Oct 3, 1969: Beatles ‘Abbey Road’ U.S. Release

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AbbeyRoadAlthough it was not the last new album released by the Fab Four – that was Let It Be – it was their last recording together. It’s marked by a number of contradictions and compromises.

One is the critical reception given to Abbey Road, best described as mixed on its release. Yet over time it has come to be considered by many to be the best Beatles LP (a subject that can be debated ad infinitum). A number of its merits were a result of final genuine collaborations by a band that was already splintered if not for all intents and purposes broken up. Other high points were bones of contention, most notably the medley on side two.

After the Get Back sessions (which became Let It Be), Paul McCartney asked George Martin to produce them again, and he insisted the four Beatles get together to record as they used to – a quick tight series of sessions as a band. It didn’t exactly work out that way, though Harrison does recall that “we did actually perform like musicians again.” Recording started on February 2, 1969, with later sessions in April and May. Finally they reconvened on June 2 and worked on the album through August.

McCartney and Lennon had reconnected creatively when they worked together on “The Ballad of John and Yoko” in April of that year. But they were heading in very different directions (as their later solo work would amplify).

Lennon wanted it to be an album of discrete songs, and suggested that one side be his material and the other Paul’s. He felt the medley on side two was “junk… just bits of songs thrown together.” Yet Ringo Starr recalls it as “for me one of the finest pieces we put together.” It was Harrison who maybe shone strongest with “Something,” inspired by then-Apple Records artist James Taylor’s song “Something in the Way She Moves.”

It was a double-sided #1 single with “Come Together.”

The cover conceived by Apple’s designer Kosh has become an iconic image, and was the first Beatles album without either the group’s name or the album title on it (they hardly needed to announce who they were at that juncture).

Related: Our interview with Kosh

Abbey Road was released in the U.K. on September 26, 1969. It arrived in the U.S. a week later on October 3—though many peg the Stateside date as Oct. 1. It debuted on the Oct. 18 album sales chart and ultimately hit the #1 spot within weeks and remaining there through the rest of 1969.

A barefoot McCartney fed into the “Paul Is Dead” rumors. The striped road crossing near EMI’s Abbey Road studio has become a popular London tourist destination. (See our Links We Like page.)

Despite the travails of making it, Abbey Road nonetheless coheres as an album. Its musical strength tempts fans to consider what might have come if the group hadn’t dissolved. And as their final statement as a rock ‘n’ roll band, it will eternally stand tall.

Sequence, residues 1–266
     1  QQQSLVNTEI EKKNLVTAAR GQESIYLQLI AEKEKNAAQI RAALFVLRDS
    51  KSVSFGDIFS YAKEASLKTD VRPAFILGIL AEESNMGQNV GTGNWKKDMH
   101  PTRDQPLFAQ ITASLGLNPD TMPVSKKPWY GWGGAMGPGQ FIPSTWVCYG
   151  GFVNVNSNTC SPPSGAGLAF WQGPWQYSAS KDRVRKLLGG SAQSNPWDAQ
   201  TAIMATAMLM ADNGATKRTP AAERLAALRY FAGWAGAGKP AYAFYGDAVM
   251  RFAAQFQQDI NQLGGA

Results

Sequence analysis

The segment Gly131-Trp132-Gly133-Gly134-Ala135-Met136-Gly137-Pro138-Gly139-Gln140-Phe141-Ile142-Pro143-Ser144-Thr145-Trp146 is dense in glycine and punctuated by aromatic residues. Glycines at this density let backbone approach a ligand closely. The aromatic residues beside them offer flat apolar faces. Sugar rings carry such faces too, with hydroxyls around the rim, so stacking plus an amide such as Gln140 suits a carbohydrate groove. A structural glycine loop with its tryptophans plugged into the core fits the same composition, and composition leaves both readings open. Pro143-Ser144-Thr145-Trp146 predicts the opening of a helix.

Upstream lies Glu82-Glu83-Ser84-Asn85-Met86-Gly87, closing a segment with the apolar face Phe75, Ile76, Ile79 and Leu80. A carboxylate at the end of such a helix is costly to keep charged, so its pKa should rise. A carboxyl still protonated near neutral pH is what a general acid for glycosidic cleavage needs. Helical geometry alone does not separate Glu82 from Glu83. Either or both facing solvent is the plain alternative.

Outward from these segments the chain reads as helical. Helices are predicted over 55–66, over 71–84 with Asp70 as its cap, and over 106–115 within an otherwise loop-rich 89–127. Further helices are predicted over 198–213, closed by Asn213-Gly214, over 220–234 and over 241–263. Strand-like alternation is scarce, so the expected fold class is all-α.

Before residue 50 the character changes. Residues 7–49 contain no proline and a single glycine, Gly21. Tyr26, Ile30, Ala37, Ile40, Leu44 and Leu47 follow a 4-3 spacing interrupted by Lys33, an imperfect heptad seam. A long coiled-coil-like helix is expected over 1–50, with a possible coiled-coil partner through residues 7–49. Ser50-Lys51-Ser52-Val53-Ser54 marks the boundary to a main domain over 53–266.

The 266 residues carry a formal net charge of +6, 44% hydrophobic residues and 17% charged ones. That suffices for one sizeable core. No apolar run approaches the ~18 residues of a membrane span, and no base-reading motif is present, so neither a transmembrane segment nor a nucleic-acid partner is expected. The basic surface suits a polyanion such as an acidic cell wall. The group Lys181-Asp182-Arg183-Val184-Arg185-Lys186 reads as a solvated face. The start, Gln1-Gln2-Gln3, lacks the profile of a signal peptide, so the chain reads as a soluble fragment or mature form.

Related: Our review tackles the 2019 50th anniversary expanded edition

Best Classic Bands Staff

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  1. Da Mick
    #1 Da Mick 4 October, 2022, 14:29

    As often as it’s asked and debated, it’s difficult to “qualify” which is Beatles LP is “best.” And the concept of “best” is subjective at best and ludicrous when it comes to music anyway. But in addition to “Abby Road” being the last LP The Beatles actually created together as a band, in my opinion, it’s also the first LP the actually created as a band since the “Sgt. Pepper” sessions which resulted in the “Sgt Pepper” LP and most of “Magical Mystery Tour,” which was an LP assembled of mostly previously recorded material, which is why it has a similar sound and vibe to “Pepper.” I’ve no doubt that many will disagree, as “The White Album” is such a huge favorite to so many. But, in my view, and more importantly, to my ear “The Beatles,” or “The White Album” as it’s commonly known is, for the most part, comprised of a bunch of song sketches, or demos, recorded by the individual writers of these songs, with the help of whatever Beatle might be around in the studio at the time, presenting songs and performances of the individual members of the Beatles under their band brand. In this sense, “The Beatles” almost portends the ending of The Beatles as a band musically pretty much as much if not more than “Let It Be” did. As with “Let It Be/Get Back” we had the visual documentation of four guys who appear to be forced to gather as a unit but didn’t really seem to know what to do with each other as a band anymore. With “The White Album” that separation is already there musically, it’s just not visually documented. On top of that, even though “The White Album” is technically produced by George Martin, as perhaps a kickback reaction to the somewhat over-produced and overly orchestrated previous two releases, it goes too far in the other direction with a demo type sound that lacks the finished sound of Martin’s typical Beatles LP productions — the sound that “Abbey Road” re-gains, which makes the band sound like the royalty that they were. With all the personal and musical difficulties the Beatles went through toward the end of their career as a band, it’s nothing short of miraculous that they were able to band together, and with their last dying gasp produce one of the greatest rock records of all time — a beautiful parting gift to their many devoted fans for the ages.

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